Puppy food is a major factor in the success of “potty-training” your new puppy.
Nutrition plays an important role in house-training, whether you have a big dog or a toy breed– but, with so many foods on the market, how do you know what effect each will have on the health of your dog and the ease with which it is able to become house-trained in an efficient manner?
These general guidelines should help you narrow down the countless puppy food choices to find the formula that best suits your pets nutritional needs.
Pay attention to sodium content.
Make sure you choose a food that is low in sodium. Puppies need to drink a lot of water, and many commercial pet foods have high sodium content, which will make your new pup drink more water. Drinking water isn’t bad for puppies, but be aware that just like people, the more little Buddy drinks, the more he’ll have to urinate.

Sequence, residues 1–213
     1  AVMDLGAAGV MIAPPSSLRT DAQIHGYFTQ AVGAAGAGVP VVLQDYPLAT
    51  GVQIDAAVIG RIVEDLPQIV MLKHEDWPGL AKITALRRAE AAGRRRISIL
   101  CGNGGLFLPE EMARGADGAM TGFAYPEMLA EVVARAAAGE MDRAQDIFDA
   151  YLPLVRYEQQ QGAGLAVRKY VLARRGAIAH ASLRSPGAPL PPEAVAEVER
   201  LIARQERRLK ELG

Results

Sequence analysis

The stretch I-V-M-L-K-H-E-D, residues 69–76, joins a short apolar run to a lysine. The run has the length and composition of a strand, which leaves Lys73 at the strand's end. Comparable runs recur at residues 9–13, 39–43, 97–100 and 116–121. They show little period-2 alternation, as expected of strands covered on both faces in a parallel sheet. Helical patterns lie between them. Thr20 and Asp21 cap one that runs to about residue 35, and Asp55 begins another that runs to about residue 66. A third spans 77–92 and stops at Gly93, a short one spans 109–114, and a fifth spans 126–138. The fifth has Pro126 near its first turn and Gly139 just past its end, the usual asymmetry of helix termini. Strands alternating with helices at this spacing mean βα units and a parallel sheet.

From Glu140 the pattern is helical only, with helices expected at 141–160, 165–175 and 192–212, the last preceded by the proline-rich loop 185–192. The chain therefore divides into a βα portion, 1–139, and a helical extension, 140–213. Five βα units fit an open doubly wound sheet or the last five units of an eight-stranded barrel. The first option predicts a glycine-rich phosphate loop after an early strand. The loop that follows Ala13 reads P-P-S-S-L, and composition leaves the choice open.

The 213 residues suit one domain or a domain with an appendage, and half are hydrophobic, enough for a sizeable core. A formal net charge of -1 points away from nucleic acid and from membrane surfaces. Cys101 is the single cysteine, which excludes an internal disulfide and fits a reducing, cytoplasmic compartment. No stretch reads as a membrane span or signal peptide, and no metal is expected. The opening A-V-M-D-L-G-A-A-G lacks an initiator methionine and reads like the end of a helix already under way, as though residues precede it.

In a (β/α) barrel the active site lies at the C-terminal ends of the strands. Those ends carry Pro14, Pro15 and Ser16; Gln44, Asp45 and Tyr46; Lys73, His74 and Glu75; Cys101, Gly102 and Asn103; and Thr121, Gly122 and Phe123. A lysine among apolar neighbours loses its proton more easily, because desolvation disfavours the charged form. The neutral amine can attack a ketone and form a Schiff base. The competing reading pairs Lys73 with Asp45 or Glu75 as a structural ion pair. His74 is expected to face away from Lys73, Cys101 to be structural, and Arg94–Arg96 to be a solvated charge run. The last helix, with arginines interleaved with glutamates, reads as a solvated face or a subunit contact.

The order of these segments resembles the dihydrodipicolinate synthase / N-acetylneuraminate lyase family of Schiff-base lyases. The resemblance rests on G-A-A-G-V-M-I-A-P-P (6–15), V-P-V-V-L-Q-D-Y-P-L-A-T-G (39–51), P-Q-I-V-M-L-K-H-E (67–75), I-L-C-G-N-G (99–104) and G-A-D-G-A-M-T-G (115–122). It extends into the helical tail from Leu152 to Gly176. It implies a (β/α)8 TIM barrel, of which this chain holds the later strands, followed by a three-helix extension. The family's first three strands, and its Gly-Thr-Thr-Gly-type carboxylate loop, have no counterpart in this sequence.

Sodium levels are generally higher in supermarket brand dog foods than the premium foods that use human grade ingredients. Moreover, dog foods that use animal by-products, which means the food consists of clean parts of the animal carcass (necks, feet, and intestines), may increase bowel movement size and frequency.
The first five items listed under the ingredients on the puppy food packaging are the most prominent in the food, as dog food manufacturers are required to list ingredients in descending order.
The frequency and amount your puppy eats also affects its bathroom habits.
It’s standard for puppies to eat three times a day through the age of six months. After that time period, you can go ahead and cut the feeding schedule back to two meals per day. If it’s not possible to feed your pup three times a day to start out with due to work schedule or some other limitation, twice a day is usually fine. Again, the more a pup eats, the more they will have to use the bathroom, so be sure to match the pup’s bathroom breaks with its feeding schedule.
Want more advice on house-training your new puppy? Contact the Bergen County, New Jersey experts of Haggerty Dog Training by filling out this short contact form or calling 201-444-9893.